Wednesday, August 1, 2012

On Tolerance, Political Correctness, and Relativism

It’s no secret that it’s a politically correct world we live in.  And among the highest of modern virtues is something people flippantly refer to as “tolerance.”  I’m referring of course to the revised definition of the word, which says one should not only respect and uphold the rights of others to have differing beliefs (the traditional definition of tolerance) but that we must also accept all beliefs and truth claims and acknowledge them all as equally valid.

This type of approach to belief demonstrates logical naïveté in the least and is the very antithesis of sound logic and reason.  Two contradictory truth claims cannot both be true at the same time and in the same way.  More than a little ironic, I think, since this a view often esteemed by none other than the self-proclaimed “intellectual elite” of our day.  And this popular definition of “tolerance” is ingrained and reinforced in our everyday lives more and more: at work, at school, and everywhere we turn in the public arena.  I think the wise old saying is apropos: tolerance will be the last virtue of a scoundrel.

It seems we can't take a stand, make a truth claim, or express an idea or belief plainly for fear we might offend someone.  It makes us a shallow and superficial people.  Political correctness has changed the very the fabric of how we define reality, with no clear consequence for believing one way or the other about much of anything.  It is the ol’ wolf in sheep’s clothing we could plainly call pluralism, which today expresses itself in the forms of relativism and post-modernistic thinking.  On that note, at the risk of overgeneralizing, it also seems to be an unwritten normative rule these days that the only people entitled to express their beliefs and be critical toward anyone, without being derided for it, are legal minorities and Democrats. The only people who can be spoken ill of without fear of reproach are Christians and Republicans. This double standard is brazen and deplorable.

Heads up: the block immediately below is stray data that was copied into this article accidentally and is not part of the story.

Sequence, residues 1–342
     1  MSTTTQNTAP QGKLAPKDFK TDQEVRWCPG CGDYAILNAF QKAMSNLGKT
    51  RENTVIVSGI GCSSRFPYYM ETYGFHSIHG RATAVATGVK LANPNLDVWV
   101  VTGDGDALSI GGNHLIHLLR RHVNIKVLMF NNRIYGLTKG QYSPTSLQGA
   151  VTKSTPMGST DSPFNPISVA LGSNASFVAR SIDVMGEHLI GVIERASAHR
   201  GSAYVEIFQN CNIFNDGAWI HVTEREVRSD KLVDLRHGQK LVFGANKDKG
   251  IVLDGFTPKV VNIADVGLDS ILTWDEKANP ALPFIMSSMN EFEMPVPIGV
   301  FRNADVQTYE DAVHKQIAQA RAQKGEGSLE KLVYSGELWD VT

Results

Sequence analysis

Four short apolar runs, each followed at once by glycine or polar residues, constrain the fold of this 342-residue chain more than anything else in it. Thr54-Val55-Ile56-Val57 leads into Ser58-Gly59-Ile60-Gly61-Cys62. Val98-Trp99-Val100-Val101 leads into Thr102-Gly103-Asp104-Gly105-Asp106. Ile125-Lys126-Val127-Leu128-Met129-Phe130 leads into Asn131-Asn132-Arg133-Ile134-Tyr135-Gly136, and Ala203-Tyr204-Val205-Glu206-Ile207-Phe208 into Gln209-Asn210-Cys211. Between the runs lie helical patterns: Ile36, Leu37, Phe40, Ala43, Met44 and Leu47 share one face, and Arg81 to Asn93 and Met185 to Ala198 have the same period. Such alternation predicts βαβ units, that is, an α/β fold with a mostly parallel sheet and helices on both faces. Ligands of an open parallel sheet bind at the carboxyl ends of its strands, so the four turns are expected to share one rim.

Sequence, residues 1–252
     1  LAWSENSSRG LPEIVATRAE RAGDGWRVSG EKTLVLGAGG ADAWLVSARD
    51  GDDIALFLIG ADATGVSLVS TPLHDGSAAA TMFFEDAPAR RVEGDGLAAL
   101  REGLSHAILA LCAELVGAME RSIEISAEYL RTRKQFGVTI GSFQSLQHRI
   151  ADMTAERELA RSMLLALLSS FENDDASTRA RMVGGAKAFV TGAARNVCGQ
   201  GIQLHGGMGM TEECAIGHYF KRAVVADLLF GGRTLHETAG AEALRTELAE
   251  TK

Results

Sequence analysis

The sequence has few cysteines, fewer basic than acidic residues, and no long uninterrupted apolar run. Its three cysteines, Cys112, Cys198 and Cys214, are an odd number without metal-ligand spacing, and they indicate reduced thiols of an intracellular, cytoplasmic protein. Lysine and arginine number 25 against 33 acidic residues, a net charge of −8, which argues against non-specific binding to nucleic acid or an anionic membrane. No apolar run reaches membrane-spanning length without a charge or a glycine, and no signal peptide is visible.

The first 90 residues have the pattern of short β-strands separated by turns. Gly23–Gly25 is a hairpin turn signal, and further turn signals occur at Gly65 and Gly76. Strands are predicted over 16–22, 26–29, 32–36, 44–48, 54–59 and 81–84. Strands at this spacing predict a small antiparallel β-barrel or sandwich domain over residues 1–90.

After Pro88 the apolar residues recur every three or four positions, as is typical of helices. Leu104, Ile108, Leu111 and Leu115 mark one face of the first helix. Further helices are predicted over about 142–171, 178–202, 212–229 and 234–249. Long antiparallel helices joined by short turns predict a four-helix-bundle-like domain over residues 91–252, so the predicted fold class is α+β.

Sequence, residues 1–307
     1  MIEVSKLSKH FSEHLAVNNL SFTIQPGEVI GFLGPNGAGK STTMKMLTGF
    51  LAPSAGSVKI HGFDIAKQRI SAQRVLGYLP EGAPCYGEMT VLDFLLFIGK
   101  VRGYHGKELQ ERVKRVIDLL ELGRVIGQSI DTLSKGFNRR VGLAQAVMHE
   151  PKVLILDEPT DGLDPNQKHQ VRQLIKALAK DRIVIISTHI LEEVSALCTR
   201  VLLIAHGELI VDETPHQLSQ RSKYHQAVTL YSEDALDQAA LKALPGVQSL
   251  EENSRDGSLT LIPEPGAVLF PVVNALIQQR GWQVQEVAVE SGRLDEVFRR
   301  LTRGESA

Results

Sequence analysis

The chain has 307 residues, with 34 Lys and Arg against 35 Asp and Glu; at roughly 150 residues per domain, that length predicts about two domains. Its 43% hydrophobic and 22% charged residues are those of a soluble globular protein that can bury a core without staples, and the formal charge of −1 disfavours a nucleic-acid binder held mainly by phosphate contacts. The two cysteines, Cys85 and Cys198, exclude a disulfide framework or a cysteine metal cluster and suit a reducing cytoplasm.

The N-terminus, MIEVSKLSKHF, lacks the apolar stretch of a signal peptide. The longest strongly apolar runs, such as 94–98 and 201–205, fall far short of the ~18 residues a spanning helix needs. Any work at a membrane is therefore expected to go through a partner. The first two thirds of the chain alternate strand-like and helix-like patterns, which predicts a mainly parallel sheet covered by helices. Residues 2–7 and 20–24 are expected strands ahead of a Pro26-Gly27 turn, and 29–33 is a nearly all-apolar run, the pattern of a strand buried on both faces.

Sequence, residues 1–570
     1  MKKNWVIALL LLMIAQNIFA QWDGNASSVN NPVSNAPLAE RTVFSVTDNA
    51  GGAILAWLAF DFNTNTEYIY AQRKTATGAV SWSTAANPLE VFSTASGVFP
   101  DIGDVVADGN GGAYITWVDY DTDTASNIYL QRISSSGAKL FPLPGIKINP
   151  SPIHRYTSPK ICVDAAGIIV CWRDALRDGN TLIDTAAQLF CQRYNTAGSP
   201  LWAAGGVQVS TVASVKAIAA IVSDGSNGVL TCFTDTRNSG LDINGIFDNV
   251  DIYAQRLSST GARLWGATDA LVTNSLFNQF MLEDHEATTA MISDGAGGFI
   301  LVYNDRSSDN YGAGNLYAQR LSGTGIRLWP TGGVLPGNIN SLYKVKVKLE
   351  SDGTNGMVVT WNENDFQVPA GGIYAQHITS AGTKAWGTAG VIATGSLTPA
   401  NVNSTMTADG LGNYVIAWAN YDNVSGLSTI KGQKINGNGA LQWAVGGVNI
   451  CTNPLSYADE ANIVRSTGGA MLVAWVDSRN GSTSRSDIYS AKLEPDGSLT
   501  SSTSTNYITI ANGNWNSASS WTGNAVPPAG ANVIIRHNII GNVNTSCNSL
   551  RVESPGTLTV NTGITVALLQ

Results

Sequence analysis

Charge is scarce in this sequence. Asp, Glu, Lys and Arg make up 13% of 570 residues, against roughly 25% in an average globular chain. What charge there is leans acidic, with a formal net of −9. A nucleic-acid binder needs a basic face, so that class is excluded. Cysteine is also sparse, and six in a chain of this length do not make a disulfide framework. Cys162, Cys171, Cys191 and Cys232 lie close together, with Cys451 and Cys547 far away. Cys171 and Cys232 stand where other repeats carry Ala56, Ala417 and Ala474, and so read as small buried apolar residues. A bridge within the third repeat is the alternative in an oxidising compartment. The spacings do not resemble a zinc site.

To be clear, I uphold the view of tolerance under its classical and original definition.  All truth claims have an equal right to expression, but not all truth claims are equally valid.   Believe what you like, but at the end of the day, you’ll find it’s a bit like pregnant or non-pregnant – it can’t be both at the same time.  In addition, I think it makes sense to note that we can still demonstrate the important virtue of prudence while still taking a stand for unadulterated truth.  Being brash and unaware in how we convey the truth is not only unwise but wholly ineffective.
In Christian circles I’ve often heard it said “love the sinner but hate the sin.”  And while there is an undeniable element of truth there, it’s not actually found anywhere in the Bible - at least not in this way.  God's Word does clearly say we should hate sin and evil (Psalm 97:10, Romans 12:9); it also clearly says God loves all people (John 3:16).   So we should despise sin – starting with our own.  But the Bible makes it clear that we’ve all fallen short (Romans 3:23) and we’re all like filthy rags before a perfect and holy God.  So when we say things like “love the sinner; hate the sin,” to whom exactly are we referring?  Chances are the “sinner” won't see the line of demarcation so clearly as we think.  Their logical interpretation will likely flow something like this: